Erdogan has also expressed anger at U.S. court cases brought against his personal bodyguards, who are charged with attacking protesters in Washington in May, and a case against a former minister of Turkey and three others charged with conspiring to violate sanctions against Iran.
Perhaps the most high-profile case may be that of Brunson. The U.S. vice president, who shares Brunson’s faith, has shown particular interest in his fate. So have the nearly 80 members of Congress who signed a letter to Erdogan in February asking him to release the missionary and saying he had been unjustly detained.
“There appears to be no evidence to substantiate the charges against him for membership in an armed terrorist organization,” the letter said.
Most of the other Americans detained hold dual citizenship in Turkey, and U.S. officials have even less ability to help them. Turkish law regards them as Turkish citizens and ignores their rights as Americans.
U.S. consular staff members have been given only limited access to the Americans in Turkish prisons and have not been able to visit the Turkish Americans, such as Golge, at all.
Among them are Ismail Kul, a chemistry professor from Widener University in Pennsylvania, and his brother Mustafa Kul, a real-estate agent. They were arrested in August 2016 at their home in Bursa during their summer vacation. They are accused of being members of the Gulen movement and playing a part in the failed coup.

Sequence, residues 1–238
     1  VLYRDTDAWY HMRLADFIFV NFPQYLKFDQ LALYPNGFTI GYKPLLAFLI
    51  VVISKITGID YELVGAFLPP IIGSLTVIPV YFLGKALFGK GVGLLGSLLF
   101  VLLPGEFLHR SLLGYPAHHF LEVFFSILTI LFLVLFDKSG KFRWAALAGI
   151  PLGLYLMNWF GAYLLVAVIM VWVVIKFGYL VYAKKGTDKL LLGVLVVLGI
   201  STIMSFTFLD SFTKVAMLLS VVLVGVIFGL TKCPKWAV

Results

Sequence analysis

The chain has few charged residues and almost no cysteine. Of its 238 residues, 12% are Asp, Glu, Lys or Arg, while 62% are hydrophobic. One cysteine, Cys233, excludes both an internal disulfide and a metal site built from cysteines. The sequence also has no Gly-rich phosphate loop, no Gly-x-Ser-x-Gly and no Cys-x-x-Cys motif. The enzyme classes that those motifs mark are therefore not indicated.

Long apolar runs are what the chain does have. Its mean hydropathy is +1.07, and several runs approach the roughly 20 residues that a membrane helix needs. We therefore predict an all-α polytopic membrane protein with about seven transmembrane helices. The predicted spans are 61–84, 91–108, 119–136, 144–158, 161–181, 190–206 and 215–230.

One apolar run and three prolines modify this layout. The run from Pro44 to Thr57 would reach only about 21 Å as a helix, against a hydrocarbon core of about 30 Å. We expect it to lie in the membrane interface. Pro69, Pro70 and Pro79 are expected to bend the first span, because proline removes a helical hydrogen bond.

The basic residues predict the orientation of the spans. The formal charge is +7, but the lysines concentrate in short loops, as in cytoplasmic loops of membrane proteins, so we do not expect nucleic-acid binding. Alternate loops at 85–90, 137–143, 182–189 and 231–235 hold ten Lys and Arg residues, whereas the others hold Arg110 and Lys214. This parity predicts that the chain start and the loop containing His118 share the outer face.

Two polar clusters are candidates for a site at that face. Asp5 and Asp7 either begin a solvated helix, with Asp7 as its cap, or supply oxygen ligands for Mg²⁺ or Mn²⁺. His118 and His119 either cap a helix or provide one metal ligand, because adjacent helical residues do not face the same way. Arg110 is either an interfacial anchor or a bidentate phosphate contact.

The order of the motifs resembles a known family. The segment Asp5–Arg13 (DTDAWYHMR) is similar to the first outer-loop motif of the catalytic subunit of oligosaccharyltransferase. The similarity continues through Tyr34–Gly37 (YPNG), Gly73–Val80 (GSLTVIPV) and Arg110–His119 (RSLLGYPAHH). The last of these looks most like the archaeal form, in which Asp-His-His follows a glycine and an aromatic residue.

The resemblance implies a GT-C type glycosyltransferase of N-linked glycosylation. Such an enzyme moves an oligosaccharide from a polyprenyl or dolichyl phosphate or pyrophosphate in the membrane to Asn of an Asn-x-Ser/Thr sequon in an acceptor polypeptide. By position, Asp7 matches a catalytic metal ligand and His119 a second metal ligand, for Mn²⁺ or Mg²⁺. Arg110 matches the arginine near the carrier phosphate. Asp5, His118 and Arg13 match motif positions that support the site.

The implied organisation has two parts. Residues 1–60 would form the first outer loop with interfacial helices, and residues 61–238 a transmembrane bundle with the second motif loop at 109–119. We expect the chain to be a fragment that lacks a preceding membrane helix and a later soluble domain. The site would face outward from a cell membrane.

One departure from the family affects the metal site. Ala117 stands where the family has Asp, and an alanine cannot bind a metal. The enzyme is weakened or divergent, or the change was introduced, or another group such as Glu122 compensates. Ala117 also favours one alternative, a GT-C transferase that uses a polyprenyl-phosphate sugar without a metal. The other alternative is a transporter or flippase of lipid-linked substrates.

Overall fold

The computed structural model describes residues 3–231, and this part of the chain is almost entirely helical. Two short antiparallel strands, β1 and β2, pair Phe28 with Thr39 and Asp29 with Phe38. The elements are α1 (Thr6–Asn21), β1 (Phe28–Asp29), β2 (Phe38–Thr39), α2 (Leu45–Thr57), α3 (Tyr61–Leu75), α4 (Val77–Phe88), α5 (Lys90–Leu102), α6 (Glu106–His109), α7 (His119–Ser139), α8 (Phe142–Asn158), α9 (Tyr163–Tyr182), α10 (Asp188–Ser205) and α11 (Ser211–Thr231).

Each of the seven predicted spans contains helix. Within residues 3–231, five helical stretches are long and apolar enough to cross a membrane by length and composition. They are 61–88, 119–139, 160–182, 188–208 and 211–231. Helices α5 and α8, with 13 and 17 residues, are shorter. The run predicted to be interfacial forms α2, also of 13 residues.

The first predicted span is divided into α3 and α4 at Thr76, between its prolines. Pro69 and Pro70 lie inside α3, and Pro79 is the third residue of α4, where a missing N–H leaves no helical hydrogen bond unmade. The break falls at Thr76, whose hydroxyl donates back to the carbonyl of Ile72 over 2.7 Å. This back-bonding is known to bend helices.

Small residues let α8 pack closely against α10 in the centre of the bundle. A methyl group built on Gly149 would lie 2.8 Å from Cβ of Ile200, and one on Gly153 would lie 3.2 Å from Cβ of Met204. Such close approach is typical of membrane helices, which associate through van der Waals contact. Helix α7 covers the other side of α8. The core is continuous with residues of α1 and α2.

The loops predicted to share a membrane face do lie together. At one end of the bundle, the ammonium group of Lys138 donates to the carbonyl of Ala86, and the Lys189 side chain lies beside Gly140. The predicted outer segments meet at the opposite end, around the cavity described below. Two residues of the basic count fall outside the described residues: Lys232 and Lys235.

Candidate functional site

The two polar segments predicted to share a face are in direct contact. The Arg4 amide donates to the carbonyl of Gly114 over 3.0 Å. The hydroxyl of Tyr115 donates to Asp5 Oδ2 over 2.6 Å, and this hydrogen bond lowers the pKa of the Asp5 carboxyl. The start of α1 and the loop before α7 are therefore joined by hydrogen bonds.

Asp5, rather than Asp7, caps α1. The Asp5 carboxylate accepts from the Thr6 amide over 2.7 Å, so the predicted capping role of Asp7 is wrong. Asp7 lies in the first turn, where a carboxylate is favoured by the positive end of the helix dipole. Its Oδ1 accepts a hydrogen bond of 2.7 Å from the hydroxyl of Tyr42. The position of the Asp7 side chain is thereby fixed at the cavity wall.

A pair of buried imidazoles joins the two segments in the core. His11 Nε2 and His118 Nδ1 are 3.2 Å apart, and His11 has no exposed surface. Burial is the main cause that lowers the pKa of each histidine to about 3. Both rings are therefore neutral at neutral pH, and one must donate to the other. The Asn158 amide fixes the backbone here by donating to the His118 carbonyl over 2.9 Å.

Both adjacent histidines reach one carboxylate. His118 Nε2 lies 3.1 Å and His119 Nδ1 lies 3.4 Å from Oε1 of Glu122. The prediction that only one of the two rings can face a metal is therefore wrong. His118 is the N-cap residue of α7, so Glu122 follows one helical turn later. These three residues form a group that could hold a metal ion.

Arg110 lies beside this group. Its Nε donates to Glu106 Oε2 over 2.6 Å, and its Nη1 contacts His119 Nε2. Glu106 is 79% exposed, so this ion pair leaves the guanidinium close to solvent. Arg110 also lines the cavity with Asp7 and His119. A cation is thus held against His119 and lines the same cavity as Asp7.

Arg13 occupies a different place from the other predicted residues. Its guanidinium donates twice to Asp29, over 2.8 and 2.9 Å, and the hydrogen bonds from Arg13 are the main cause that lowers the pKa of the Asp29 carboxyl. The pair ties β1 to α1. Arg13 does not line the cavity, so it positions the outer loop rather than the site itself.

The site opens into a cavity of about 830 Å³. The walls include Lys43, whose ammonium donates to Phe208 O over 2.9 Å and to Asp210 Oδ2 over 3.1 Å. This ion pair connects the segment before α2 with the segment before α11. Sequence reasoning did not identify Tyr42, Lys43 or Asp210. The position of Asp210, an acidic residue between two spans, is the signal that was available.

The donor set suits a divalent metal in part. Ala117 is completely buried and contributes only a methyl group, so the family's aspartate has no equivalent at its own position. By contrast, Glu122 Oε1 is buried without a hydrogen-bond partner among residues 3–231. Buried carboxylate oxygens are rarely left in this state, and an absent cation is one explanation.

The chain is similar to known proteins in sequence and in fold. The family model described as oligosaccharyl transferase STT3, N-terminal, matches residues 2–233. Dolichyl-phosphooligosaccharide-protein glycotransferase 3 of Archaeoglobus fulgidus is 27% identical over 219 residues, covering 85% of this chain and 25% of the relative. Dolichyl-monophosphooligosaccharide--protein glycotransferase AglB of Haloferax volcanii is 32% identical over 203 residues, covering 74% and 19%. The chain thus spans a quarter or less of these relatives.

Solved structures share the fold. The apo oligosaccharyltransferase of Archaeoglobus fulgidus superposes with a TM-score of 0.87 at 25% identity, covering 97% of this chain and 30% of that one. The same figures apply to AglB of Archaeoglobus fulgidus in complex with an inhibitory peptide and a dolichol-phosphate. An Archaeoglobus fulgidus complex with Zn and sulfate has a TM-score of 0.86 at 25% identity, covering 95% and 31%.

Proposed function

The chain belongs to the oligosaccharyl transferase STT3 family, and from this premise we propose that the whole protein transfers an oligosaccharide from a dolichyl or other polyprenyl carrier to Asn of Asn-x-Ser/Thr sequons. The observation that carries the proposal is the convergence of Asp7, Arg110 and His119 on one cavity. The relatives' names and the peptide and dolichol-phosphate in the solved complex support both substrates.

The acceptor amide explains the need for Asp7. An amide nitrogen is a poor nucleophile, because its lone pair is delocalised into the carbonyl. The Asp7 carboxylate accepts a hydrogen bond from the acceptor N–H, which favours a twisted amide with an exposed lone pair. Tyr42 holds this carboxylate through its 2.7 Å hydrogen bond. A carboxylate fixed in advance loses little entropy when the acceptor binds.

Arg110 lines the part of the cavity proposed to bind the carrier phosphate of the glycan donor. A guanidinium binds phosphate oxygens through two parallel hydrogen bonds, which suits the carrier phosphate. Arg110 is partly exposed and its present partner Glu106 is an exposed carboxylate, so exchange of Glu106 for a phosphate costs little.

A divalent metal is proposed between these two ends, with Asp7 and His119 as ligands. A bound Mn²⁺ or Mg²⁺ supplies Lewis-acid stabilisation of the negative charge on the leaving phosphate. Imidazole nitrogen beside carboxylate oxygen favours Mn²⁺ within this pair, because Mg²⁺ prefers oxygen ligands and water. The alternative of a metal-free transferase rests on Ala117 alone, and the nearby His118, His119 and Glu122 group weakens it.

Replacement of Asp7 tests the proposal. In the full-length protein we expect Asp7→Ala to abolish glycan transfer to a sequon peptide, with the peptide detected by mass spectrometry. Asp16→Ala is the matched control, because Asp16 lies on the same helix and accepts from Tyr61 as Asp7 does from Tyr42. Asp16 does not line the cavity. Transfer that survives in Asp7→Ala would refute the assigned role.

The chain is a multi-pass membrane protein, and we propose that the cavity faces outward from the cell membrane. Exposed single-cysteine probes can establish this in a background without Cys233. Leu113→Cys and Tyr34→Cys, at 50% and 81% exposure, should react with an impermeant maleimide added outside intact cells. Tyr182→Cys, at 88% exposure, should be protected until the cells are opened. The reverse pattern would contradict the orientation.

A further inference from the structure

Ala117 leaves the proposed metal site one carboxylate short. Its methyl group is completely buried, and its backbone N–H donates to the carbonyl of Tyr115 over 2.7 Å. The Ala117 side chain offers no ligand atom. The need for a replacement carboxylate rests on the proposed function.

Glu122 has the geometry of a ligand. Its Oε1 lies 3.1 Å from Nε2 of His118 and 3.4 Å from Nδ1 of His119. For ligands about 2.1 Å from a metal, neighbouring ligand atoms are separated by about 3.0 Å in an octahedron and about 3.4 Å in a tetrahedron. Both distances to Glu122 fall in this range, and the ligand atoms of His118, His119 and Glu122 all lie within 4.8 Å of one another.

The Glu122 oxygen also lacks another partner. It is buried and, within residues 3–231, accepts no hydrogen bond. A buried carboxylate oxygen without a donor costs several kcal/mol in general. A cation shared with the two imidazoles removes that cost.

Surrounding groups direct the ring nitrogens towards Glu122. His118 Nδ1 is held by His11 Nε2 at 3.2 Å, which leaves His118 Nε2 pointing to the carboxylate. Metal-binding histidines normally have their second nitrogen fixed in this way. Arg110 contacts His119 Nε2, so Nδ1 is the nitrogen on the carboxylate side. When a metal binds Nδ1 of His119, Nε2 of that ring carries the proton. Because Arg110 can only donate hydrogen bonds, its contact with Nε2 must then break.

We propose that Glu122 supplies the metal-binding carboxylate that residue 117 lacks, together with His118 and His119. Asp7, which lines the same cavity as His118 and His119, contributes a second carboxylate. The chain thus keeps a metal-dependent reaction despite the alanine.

At his trial, which is continuing, Ismail Kul admitted knowing Gulen but exposed the shakiness of the government’s charges when he explained that it was a member of Erdogan’s own ruling Justice and Development Party, Ahmet Aydin, the deputy chairman of Parliament, who first took him to meet the cleric.
“In 2010 I met Ahmet Aydin at a culture festival in Philadelphia,” Kul told the court, the nationalist daily newspaper Sozcu reported in January. “I had breakfast with him and his detail. They told me that they will see Gulen and suggested that I accompany them. That’s how I met Fethullah Gulen. After that, I visited Gulen four or five times.”
Kubra Golge, 33, the wife of the detained NASA scientist, remains deeply shaken over the trial of her husband, who is expected to be sentenced this month. She describes the shock of his arrest as being like an amputation.
Her American life is gone. She lives with her husband’s parents and visits the prison once a week for a 45-minute chat on a phone through a glass window.
At NASA, her husband was put on unpaid leave. Unable to keep up their mortgage payments, she is selling their house in Houston.
Her husband is resigned, Kubra Golge said. “He is very sad,” she added. “He says, ‘I feel a lot of pain in my heart, but I know it is going to pass.’ ”
She is more blunt: “They took a hammer and crushed our heads.”